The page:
On my sites, I even take this further. Not only have I specific rules, I even have escalation steps for rule violation. So a user first gets a small warning with a link to the rules. Then if they brake the rules again, it’s clearly their fault. The ball is in their corner and they can’t blame the admin anymore or say “but I didn’t know this rule”. 

I also don’t buy the argument of possibly misreading rules. If that would come up, I would just fix it by clearing up the misunderstanding. And even if that would be impossible, this problem wouldn’t outweigh the benefits of having detailed rules. Just as I wouldn’t say: people something misread traffic signs and that can cause problems. So let’s tear down all traffic signs to avoid that and tell drivers or cops to use their best judgement. That clearly wouldn’t work.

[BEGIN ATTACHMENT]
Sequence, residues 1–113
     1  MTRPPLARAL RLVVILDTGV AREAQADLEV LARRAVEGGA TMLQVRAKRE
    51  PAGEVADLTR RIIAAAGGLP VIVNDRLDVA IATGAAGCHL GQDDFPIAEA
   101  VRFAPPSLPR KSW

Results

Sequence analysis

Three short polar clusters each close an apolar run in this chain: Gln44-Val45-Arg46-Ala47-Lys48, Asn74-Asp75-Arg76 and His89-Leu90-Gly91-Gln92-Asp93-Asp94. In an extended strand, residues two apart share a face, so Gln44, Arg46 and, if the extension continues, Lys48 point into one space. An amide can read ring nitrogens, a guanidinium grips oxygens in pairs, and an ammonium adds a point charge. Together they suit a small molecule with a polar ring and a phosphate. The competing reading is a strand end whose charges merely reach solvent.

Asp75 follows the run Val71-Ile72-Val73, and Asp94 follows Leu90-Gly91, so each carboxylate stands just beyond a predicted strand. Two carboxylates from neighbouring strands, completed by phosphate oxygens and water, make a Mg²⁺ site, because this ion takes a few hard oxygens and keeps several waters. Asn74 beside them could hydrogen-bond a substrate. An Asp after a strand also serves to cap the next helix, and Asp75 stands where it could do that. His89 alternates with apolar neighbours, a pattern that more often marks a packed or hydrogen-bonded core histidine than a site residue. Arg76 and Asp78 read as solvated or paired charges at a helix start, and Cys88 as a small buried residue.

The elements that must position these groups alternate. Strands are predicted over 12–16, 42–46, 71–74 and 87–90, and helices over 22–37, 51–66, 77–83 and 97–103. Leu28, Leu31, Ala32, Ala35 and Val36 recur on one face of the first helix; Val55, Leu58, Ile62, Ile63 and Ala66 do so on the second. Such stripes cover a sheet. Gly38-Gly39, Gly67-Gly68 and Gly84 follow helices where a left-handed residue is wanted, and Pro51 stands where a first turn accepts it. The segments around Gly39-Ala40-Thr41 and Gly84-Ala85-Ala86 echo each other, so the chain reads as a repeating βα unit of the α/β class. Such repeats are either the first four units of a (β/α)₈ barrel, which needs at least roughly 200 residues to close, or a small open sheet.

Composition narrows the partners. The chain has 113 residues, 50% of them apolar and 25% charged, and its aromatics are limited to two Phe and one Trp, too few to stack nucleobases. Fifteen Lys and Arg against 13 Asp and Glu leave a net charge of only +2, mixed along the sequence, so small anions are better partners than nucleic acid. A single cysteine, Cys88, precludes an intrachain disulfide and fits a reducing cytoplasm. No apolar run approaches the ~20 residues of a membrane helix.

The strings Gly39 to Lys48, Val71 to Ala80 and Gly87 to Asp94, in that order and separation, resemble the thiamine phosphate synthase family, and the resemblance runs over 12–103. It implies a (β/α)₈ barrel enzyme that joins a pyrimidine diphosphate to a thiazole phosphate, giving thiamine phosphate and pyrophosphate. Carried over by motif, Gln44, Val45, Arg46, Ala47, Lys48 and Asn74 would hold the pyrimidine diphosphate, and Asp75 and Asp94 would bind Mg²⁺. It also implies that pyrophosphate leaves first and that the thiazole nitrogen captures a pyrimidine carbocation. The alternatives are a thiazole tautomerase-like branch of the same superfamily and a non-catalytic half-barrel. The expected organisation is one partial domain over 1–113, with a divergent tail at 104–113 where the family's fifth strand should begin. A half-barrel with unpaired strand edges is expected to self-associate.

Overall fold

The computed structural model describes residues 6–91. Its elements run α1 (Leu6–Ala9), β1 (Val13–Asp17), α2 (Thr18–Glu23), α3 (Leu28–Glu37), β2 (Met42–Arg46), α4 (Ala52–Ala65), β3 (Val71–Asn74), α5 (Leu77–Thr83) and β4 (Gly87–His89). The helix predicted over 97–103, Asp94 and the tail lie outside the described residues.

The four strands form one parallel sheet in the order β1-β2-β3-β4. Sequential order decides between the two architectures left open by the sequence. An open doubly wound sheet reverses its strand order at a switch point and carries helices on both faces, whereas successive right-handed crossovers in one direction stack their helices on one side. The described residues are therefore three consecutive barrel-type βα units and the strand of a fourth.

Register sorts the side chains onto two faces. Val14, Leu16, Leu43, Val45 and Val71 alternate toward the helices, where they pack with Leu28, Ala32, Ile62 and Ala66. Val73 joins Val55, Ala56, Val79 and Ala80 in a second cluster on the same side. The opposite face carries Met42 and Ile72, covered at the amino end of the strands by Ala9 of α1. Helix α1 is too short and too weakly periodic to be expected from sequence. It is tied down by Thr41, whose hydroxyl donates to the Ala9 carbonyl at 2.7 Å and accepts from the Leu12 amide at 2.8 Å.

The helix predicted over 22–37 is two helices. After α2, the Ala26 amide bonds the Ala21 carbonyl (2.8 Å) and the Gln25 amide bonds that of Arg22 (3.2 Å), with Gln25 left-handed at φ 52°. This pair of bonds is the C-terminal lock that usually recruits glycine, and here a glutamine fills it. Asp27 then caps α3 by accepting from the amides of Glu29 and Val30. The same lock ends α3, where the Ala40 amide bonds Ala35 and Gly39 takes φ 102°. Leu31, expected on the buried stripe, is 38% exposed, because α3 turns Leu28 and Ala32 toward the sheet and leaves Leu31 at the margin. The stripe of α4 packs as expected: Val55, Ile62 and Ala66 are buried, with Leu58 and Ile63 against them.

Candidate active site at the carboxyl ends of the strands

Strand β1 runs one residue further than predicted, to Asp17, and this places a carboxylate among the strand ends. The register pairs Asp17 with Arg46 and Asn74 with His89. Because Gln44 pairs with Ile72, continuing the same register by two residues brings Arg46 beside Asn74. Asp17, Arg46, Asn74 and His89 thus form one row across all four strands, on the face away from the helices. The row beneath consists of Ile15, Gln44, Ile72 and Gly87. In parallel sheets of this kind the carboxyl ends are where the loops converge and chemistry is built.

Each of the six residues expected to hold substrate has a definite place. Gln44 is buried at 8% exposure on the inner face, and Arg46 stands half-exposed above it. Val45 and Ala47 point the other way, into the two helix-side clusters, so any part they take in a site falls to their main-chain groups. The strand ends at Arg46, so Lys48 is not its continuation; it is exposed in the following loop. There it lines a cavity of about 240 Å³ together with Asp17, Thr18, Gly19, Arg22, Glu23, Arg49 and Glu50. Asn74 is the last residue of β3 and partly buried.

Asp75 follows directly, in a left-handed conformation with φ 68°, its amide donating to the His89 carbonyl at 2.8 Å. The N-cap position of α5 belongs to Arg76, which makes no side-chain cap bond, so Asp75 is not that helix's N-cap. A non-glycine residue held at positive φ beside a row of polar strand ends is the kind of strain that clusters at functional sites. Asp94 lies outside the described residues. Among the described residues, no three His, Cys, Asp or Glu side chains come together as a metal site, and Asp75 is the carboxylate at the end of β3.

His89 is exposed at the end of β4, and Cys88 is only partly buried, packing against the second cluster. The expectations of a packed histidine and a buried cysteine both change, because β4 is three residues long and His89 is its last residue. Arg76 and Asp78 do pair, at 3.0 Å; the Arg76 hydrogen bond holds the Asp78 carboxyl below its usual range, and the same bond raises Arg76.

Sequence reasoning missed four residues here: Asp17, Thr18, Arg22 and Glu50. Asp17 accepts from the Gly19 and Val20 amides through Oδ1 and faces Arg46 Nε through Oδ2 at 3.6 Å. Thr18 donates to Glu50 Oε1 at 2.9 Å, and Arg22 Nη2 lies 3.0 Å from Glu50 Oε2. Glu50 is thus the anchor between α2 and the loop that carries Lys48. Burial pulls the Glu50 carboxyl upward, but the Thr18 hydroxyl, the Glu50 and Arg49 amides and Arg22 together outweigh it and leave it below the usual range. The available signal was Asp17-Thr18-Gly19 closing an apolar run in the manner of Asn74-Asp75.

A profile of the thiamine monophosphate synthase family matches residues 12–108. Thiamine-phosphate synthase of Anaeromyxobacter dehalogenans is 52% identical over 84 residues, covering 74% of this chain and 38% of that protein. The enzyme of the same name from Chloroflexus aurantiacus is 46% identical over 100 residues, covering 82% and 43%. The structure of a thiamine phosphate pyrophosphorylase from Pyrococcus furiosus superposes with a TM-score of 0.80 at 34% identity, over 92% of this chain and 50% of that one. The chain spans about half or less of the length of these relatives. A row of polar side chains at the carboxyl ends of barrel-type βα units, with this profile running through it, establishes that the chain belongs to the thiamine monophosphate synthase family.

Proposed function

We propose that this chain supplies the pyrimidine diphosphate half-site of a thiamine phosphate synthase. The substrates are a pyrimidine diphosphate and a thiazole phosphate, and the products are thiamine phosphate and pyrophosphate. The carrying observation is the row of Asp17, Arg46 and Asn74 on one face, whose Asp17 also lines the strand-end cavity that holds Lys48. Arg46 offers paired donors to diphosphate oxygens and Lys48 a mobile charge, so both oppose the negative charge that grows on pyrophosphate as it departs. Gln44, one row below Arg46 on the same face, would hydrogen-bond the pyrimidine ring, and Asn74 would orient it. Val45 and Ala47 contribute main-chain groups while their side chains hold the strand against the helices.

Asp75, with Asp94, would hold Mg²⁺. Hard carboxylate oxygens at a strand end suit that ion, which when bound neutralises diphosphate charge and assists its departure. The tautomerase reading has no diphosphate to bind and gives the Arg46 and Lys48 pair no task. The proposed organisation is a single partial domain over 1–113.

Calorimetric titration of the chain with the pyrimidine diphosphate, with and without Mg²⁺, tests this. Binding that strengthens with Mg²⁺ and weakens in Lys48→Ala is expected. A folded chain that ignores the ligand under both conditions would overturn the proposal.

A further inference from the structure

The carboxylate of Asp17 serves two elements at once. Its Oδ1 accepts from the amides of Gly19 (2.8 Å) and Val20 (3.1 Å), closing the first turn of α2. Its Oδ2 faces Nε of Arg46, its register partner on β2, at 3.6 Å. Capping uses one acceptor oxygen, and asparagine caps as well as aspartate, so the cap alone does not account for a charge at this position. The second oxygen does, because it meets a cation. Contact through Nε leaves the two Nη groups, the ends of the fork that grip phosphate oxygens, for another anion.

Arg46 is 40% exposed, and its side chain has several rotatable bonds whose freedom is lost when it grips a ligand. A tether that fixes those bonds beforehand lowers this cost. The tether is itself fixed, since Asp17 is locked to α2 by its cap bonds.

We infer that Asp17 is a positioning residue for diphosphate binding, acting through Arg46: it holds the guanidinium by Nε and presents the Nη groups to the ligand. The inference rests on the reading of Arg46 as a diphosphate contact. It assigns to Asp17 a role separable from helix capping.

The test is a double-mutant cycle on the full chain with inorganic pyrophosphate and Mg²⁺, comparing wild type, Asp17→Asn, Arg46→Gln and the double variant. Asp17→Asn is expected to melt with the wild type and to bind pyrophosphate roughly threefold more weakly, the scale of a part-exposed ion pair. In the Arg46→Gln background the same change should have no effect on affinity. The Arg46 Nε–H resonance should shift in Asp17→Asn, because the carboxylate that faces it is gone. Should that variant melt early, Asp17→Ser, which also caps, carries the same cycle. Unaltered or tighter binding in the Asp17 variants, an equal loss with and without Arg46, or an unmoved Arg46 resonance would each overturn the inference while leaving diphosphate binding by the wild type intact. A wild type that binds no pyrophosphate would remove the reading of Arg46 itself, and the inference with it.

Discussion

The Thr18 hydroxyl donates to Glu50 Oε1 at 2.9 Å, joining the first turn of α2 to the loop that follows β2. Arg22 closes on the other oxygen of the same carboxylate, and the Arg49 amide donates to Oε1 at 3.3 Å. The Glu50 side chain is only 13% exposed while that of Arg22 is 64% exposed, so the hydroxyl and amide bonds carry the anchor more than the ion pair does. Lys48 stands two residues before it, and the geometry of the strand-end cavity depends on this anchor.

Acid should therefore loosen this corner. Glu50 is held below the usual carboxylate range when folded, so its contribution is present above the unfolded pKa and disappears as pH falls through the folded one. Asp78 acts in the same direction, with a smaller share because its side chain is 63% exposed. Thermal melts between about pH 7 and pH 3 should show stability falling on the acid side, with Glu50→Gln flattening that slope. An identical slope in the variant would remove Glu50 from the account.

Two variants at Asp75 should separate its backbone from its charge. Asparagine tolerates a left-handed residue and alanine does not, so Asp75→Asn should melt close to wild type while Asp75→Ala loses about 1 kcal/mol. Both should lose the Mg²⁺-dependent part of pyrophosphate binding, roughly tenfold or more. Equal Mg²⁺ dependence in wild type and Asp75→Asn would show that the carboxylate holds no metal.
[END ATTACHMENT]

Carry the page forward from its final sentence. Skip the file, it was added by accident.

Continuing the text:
In addition: I simply prevent arguing over rules and moderation actions by having another rule about that. 😉 I explain that admin decisions are final and that you cannot open a closed topic again or open a topic to complaining about a moderation action. That prevents any such debates. 

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On 8/30/2019 at 12:57 PM, opentype said:

Based on my 18 years as community admin, I completely disagree. Every busy community needs moderation and moderation needs a foundation in proper rules that members have a chance to know upfront – otherwise people will feel the moderator actions are arbitrary and unfair. And then the smallest action can make people leave the community angrily forever.